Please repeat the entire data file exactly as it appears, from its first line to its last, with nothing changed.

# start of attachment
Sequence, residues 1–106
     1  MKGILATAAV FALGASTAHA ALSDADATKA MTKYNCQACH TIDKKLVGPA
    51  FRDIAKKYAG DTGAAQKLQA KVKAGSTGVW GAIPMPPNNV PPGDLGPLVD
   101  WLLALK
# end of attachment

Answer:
Sequence, residues 1–106
     1  MKGILATAAV FALGASTAHA ALSDADATKA MTKYNCQACH TIDKKLVGPA
    51  FRDIAKKYAG DTGAAQKLQA KVKAGSTGVW GAIPMPPNNV PPGDLGPLVD
   101  WLLALK